Canadian Home Builders’ Association Hopeful That Announced Federal Budget Measures Will Help Ease Housing Affordability Crisis
OTTAWA, March 19, 2019 – The Canadian Home Builders’ Association (CHBA) is hopeful that measures announced by the Minister of Finance in today’s federal budget will help ease Canada’s growing housing affordability crisis.
The budget includes a new First-Time Home Buyer Incentive, increases to the Home Buyers’ Plan, expansion of the Rental Construction Financing Initiative, and measures seeking to address the housing supply shortage—all items in line with CHBA recommendations. It also makes reference to monitoring the effects of the stress test and adjusting it if economic conditions warrant, again a key concern of CHBA members.
“The new First-Time Home Buyer Incentive, which introduces shared equity mortgages for qualified first-time buyers, will make a difference if it meets the estimates government officials are suggesting: helping 100,000 Canadians achieve home ownership in the next three years. That impact would be similar to what CHBA’s proposed reintroduction of 30-year insured mortgages for first-time home buyers would achieve,” said CHBA CEO Kevin Lee. “This incentive cannot come soon enough, as many markets are very challenged right now. We hope the government will move very quickly to make it a reality,” he added.
CHBA has recommended the shared appreciation mortgage approach for some time as a very good tool for helping those who can’t get into homeownership but have the means to pay rent. This new initiative in the budget to extend such a program to essentially all first-time homebuyers seeking entry-level housing takes the concept to a much broader level. CHBA will continue its work with the Government on how to make such a program most impactful.
CHBA continues to recommend that modifications be made to the current mortgage stress test, which has served to lock out too many well-qualified Canadians. CHBA has advised that with the market and interest rate changes of the past year, it is time to adjust the stress test accordingly. The budget notes that the government would adjust the stress test if economic conditions warrant, to support access to housing while safeguarding financial stability.
“The First-Time Home Buyer Incentive, if coupled with immediate adjustments to the stress test, has the potential for getting the housing continuum functioning again. It is essential that these changes come quickly though,” stated Lee. “Current restrictions on mortgage access mean that many millennials and new Canadians are seeing homeownership slipping away, and in many markets the economic impacts are substantial.”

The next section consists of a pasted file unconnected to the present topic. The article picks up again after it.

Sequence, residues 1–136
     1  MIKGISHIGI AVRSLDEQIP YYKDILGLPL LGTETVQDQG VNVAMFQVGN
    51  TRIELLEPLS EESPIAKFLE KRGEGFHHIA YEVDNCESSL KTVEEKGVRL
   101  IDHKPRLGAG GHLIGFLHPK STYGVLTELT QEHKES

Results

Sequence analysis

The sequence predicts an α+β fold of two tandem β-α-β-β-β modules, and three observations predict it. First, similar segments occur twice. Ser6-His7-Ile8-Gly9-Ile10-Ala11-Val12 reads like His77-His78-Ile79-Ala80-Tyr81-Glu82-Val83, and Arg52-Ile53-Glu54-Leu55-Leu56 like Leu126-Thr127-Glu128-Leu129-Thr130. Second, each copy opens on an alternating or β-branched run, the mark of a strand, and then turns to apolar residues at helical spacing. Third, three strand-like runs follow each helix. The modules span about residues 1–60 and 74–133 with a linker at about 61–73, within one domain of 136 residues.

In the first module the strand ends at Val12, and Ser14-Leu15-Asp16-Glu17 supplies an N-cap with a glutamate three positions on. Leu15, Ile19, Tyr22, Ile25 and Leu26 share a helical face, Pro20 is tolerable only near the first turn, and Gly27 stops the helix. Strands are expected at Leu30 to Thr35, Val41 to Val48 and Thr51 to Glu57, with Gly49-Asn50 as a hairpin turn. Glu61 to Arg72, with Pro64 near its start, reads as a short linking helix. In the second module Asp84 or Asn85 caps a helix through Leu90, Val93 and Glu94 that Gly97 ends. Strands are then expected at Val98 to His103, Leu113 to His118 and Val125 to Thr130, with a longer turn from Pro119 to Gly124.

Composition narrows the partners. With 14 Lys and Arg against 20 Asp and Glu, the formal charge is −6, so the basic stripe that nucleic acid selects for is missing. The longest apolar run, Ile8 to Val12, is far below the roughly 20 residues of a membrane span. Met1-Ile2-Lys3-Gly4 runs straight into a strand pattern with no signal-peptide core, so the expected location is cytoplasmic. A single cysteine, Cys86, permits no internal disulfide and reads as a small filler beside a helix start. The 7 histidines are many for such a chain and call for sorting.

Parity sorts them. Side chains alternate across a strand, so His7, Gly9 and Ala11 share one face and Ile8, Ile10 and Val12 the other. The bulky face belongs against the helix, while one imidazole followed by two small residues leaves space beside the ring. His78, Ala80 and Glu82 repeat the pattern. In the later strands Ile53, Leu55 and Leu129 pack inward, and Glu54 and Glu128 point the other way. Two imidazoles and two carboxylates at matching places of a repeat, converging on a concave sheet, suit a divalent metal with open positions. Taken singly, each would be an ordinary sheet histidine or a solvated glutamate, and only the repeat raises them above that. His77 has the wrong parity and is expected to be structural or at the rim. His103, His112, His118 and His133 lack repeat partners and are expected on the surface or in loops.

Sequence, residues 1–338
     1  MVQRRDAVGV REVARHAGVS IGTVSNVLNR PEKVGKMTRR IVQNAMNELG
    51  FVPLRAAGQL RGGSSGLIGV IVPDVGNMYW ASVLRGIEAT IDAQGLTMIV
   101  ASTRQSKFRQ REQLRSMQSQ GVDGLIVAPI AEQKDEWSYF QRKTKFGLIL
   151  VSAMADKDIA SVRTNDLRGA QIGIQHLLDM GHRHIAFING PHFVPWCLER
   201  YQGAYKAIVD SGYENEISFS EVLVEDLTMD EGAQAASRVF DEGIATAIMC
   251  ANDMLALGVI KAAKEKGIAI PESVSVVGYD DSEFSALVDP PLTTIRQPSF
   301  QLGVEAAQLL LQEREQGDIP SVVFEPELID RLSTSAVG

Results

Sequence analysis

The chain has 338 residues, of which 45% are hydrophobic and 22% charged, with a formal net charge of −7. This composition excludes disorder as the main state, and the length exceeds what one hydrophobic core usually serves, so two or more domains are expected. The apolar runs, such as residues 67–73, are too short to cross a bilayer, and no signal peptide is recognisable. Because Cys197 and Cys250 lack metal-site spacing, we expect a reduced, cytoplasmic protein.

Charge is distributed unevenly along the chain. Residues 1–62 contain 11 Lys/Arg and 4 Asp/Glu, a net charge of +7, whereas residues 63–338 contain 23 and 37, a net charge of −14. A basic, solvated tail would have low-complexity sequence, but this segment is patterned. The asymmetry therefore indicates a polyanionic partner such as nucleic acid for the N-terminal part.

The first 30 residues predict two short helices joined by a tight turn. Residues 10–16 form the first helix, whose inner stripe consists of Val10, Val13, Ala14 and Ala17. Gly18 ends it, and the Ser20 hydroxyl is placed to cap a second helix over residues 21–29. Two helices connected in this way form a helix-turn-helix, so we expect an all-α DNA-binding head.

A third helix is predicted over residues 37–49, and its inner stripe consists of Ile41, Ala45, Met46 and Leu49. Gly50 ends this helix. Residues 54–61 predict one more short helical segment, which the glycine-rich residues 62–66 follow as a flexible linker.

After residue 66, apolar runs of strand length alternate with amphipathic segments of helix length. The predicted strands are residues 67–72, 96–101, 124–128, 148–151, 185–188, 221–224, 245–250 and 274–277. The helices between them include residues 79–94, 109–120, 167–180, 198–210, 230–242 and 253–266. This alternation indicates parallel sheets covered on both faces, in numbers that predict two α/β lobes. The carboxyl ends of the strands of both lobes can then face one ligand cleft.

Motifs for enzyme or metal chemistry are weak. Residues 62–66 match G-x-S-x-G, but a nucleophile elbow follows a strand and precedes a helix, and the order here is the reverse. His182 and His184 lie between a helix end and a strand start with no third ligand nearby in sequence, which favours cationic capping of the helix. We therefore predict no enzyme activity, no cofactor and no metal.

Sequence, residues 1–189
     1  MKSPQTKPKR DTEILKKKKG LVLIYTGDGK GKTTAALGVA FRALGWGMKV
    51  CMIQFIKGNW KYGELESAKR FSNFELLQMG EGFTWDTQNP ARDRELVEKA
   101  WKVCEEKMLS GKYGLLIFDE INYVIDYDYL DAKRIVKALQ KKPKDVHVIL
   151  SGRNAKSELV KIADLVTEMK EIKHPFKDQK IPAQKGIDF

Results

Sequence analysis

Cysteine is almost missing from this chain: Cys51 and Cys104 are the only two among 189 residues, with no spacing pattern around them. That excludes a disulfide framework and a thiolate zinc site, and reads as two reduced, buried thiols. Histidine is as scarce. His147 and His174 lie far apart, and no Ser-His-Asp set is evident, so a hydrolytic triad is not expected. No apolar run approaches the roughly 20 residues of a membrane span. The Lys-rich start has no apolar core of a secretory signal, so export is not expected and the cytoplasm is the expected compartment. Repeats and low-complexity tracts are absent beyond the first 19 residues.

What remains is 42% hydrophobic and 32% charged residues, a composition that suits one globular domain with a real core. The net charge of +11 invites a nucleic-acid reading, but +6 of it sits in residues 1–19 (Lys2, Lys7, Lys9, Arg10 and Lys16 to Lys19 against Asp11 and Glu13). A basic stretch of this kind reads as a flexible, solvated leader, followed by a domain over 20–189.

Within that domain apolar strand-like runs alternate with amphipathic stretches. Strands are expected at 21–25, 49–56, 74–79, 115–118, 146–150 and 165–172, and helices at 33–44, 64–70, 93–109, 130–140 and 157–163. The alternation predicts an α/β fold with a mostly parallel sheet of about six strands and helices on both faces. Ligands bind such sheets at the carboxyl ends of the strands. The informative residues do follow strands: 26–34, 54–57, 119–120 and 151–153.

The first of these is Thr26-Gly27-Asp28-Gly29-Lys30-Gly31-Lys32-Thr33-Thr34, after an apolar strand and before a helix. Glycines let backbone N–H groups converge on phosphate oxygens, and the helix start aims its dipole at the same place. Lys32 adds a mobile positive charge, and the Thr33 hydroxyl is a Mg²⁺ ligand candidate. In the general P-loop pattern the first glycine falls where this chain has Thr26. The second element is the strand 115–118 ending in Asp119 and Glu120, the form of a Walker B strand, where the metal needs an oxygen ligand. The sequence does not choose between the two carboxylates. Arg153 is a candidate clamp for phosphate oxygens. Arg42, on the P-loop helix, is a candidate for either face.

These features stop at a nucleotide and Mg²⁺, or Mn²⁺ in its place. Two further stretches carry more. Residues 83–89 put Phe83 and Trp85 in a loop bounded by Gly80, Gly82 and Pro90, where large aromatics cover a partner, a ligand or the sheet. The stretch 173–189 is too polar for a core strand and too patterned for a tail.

“Increased limits for the Home Buyers' Plan that will allow up to $35,000 of RRSP savings to be put toward the purchase of a first home are also welcome, but should be coupled with changes to the stress test,” Lee noted.
CHBA recently surveyed its members across Canada and found that the number of first-time home buyers fell by one-third between 2017 and 2018, and 95% of members who responded reported that the stress test was the number one issue affecting buyers and sales. “Decreasing affordability has widespread impacts,” noted Lee. “The knock-on effects of no first-time buyers mean move up buyers, who are also affected by the stress test, can’t vacate their entry-level housing to secure their next home. Further knock-on effects include tighter rental markets and higher rents, as well as more commuter traffic as first-time buyers look further afield in search of an affordable home.”
Since the introduction of the stress test in January 2018, CHBA estimates that some 147,000 potential home buyers have been locked out of the market.
CHBA has been urging the federal government to take meaningful action on housing affordability for some time, most recently at its annual Day on the Hill.
Looking ahead to the 2019 federal election, CHBA will be encouraging all federal parties to address housing affordability in very meaningful ways in their respective platform documents.
About the Canadian Home Builders’ Association
The Canadian Home Builders’ Association (CHBA) is the voice of the residential construction industry in Canada, representing some 9,000 member firms across the country. Our membership spans new home builders, renovators, developers, trade contractors, building material manufacturers and suppliers, lenders, and other professionals in the housing sector.
Journalists wishing to interview Kevin Lee, Chief Executive Officer of the Canadian Home Builders’ Association, are encouraged to submit their request by email or telephone to:
Director, Government Relations